Electric motor portion 57 and spring motor portion 58 provide a reciprocable control device for controlling the position of plunger 66 in expansion chamber 62 thus defining the volume of expansion chamber 62. Electric motor portion 57 includes a housing 71 secured to fluid transfer portion 56 by means of cap screw 7 3. Solenoid winding 53 is arranged in housing 71 around stationary pole piece 76. A pair of leads 77, 78 extend from solenoid winding 53 for connection to conductor 54 and to electrical ground as indicated at 79. A moveable armature 81 is arranged to slide within housing 71 toward and from stationary pole piece 76. A push rod 82 entends rearwardly from armature 81 through a passage 83 in pole piece 76, into housing 84 of spring motor 58. Push rod 82 may be formed as two pieces 82, 82 in order to accommodate any out of square condition of fulcrum ring 92 without binding in passage 83.
Housing 84 of spring motor 58 is secured to electric motor portion 57 by means of cap screws 86. A reaction member 87, with end cap 99, is secured to housing 84 by a snap ring 88 forming an enclosure for the springs 94, 96. Push rod 82 includes a shoulder 89 adjacent threaded end portion 91 extending into the enclosure. An inner fulcrum ring 92 is secured against shoulder 89 by nut 93 on threaded portion 91. The outer perimeter of diaphragm spring 94 bears against reaction member 87. An inner portion of spring 94 bears against fulcrum ring 92, resiliently biasing push rod 82, armature 81 and plunger 66 in a direction defining minimum volume and maximum pressure in expansion or volumetric modifying chamber 62. A coil spring 96 encircles the extended portion 97 of push rod 82 and has one end engageable with the nut 93. The free length of coil spring 96 is less than the normal distance between nut 93 and the inner face 98 of end cap 99. Thus spring 96 does not become compressed until the gap closing stroke is nearly completed.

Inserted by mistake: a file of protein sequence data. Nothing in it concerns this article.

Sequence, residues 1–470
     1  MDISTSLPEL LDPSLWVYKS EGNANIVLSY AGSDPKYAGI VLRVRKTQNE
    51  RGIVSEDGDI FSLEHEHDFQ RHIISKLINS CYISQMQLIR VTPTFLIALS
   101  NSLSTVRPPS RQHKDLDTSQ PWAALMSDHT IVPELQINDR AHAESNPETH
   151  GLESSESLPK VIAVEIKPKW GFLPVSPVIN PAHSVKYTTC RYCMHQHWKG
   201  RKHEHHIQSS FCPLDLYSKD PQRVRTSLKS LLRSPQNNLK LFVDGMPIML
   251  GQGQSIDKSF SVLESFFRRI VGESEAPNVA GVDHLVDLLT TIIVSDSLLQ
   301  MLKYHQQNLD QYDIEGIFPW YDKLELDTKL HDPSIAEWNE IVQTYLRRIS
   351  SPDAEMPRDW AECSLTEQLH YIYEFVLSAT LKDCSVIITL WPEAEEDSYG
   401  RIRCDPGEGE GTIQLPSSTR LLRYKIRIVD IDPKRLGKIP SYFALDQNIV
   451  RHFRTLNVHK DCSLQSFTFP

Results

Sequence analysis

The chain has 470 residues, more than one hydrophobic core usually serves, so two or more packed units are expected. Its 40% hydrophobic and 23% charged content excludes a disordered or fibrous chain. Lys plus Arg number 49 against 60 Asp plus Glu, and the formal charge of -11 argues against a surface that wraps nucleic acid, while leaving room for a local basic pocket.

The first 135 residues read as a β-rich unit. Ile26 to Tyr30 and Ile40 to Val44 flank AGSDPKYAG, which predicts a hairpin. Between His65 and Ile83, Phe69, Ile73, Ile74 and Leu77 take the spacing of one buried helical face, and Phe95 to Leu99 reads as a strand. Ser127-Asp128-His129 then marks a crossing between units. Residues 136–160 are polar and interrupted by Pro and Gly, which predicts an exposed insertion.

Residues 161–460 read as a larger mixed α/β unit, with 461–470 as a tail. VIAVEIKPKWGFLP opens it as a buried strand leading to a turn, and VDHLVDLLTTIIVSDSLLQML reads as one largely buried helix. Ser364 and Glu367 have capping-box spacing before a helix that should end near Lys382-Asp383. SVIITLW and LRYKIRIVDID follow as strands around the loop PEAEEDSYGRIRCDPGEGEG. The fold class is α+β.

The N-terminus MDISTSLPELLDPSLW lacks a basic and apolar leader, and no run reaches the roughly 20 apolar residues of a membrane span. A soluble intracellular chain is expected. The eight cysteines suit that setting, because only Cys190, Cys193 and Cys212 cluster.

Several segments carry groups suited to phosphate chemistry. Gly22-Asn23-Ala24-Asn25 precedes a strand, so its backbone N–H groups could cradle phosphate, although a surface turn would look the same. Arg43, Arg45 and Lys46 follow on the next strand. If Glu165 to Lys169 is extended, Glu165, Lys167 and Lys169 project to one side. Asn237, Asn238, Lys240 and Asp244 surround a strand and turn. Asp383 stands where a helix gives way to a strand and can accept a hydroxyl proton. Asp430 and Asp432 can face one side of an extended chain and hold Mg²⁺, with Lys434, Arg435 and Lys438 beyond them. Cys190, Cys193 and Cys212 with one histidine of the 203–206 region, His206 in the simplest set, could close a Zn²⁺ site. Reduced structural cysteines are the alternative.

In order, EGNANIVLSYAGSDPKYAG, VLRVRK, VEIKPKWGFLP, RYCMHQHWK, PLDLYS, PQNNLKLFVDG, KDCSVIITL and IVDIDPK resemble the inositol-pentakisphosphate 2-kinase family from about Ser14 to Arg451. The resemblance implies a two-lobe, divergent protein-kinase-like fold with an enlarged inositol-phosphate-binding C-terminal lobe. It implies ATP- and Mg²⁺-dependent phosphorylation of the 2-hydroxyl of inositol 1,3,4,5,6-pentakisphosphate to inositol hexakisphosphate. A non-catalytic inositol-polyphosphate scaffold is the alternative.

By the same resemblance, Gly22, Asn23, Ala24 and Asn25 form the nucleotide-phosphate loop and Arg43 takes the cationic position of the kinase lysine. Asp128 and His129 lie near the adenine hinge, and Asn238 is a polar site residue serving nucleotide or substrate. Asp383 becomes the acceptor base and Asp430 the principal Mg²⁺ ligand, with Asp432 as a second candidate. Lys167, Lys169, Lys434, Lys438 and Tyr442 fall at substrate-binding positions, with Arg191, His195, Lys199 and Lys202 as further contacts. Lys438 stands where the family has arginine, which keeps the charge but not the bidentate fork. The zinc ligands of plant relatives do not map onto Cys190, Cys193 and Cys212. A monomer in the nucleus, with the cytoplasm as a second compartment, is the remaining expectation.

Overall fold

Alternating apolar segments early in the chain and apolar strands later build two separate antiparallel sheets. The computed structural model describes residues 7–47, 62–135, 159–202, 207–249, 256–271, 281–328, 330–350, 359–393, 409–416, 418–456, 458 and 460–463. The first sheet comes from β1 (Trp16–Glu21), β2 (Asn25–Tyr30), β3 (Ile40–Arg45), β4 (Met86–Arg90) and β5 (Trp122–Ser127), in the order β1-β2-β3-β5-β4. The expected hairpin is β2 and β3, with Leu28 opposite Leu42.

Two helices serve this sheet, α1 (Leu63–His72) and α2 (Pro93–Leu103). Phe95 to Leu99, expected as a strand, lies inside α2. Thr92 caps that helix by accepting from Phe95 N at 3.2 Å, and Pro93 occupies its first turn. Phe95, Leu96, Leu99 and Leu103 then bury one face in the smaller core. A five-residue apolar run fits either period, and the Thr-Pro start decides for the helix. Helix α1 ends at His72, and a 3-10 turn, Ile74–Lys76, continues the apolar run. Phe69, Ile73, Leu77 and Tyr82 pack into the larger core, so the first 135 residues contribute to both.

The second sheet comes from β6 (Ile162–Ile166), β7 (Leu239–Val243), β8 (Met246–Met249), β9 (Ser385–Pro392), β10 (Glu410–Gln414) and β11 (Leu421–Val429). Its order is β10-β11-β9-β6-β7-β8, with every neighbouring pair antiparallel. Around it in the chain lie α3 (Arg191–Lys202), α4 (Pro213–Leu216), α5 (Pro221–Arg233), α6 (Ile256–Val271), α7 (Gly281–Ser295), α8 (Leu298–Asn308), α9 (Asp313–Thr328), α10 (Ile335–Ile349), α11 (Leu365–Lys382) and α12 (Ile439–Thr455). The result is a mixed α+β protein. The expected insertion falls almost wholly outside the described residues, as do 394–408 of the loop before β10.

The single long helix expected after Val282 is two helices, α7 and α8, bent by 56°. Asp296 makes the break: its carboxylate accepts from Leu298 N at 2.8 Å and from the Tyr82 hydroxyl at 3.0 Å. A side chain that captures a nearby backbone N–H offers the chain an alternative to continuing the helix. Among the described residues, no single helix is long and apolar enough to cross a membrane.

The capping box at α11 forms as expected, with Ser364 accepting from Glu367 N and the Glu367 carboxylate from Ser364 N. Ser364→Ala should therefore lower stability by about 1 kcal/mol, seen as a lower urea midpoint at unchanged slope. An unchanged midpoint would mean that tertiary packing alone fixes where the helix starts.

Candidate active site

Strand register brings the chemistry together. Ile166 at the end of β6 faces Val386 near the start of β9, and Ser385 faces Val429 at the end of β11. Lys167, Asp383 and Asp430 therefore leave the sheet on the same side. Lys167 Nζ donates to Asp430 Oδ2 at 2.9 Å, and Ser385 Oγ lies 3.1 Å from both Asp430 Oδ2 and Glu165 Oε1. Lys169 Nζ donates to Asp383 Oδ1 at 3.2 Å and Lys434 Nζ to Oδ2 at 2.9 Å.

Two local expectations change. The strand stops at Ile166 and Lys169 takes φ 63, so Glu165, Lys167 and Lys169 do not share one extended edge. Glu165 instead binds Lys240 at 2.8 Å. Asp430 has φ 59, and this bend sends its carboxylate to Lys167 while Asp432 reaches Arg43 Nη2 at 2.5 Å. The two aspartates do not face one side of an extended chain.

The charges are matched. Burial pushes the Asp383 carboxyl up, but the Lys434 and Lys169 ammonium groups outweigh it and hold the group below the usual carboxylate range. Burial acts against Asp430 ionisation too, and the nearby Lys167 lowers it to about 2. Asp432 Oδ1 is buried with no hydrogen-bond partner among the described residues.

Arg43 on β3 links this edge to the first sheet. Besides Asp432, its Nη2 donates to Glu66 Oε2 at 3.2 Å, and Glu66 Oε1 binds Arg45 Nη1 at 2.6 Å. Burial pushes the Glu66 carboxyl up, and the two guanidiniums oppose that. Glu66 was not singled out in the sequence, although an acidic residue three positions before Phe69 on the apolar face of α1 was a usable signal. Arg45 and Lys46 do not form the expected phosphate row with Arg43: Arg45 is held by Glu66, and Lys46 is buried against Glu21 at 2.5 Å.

Referring now to FIG. 2, the forces exerted on plunger 66 during the gap closing stroke are shown in graphical form. The point 102 illustrates the condition when ball check 64 becomes seated in valve seat 63 isolating expansion chamber 62 from the fluid forces originating in the master cylinder. Curve portion 103 illustrates the decreasing biasing resistance provided by the negative deflection rate diaphragm 94 as plunger 66 is moved away from the minimum volume position. Curve portion 104 indicates the increasing biasing resistance provided by coil spring 96 near the end of the gap closing stroke.